Britain's Prince Harry arrives in quake-hit Nepal

The prince was welcomed at Kathmandu airport by Nepali government officials on his first visit to the country

Afp March 19, 2016
PHOTO: Reuters

KATHMANDU: Britain's Prince Harry arrived in Nepal Saturday for the start of a five-day visit to meet with survivors of last year's devastating earthquake and Gurkha soldiers who helped in rescue efforts.

The prince was welcomed at Kathmandu airport by Nepali government officials on his first visit to the country, which comes as Nepal and Britain mark 200 years of joint relations.

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Harry, 31, is scheduled to meet Nepal's prime minister KP Sharma Oli as well as the country's first female president, Bidhya Bhandari, during the weekend.

"Prince Harry landed in Nepal today as scheduled," Tara Prasad Pokharel, a spokesman for Nepal's ministry of foreign affairs, told AFP.

"His visit strengthens the historical bilateral relations between our countries."

The prince is set to visit heritage sites hit by a devastating 7.8-magnitude earthquake last April that killed nearly 9,000 people, with the country still reeling from the after-effects.

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A member of the British army for 10 years before retiring in June, he served alongside Gurkha soldiers on his two tours in Afghanistan and will meet members of the brigade during his visit.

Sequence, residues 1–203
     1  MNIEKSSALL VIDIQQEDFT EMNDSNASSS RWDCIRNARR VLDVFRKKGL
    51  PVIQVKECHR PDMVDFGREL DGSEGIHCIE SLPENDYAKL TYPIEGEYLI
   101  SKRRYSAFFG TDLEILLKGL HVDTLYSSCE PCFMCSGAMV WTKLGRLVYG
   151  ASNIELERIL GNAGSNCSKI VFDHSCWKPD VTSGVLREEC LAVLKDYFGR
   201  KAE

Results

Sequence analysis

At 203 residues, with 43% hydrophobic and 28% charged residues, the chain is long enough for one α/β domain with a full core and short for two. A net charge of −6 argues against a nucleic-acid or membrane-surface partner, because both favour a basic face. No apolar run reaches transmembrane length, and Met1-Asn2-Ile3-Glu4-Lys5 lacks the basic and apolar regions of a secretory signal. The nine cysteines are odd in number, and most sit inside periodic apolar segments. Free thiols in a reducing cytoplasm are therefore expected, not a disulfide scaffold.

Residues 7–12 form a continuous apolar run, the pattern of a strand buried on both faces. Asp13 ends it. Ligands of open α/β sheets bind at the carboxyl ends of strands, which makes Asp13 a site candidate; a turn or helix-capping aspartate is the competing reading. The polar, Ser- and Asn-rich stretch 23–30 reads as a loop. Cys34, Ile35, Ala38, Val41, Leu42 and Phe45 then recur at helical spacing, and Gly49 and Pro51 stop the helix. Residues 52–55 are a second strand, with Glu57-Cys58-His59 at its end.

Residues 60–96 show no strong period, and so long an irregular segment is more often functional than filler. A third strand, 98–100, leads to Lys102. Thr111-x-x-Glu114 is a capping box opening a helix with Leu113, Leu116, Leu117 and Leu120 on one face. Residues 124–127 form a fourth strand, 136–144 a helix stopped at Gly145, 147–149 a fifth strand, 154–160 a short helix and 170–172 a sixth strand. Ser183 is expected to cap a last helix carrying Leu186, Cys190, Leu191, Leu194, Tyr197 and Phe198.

"Prince Harry is greatly looking forward to getting to know the Nepali culture and people," an official press statement said.

"But he is also conscious that, almost a year on from the first disaster, Nepal is once again very much open for business and keen to welcome back visitors," it said.

The prince's tour will also take him to Bardia National Park in western Nepal, famous for its tiger conservation efforts, according to a statement on his official website.

Harry also plans to undertake a trek on the foothills of the Himalayas as well as spending a night at a Gurkha soldier's home.

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"His visit is very important, and will send a positive message about Nepal to the world," said Ram Hari Adhikari, general secretary of the UK Nepal Friendship Society.

The British army's 2,500-strong Gurkha brigade is made up of soldiers recruited in Nepal and has been part of the army for 200 years.


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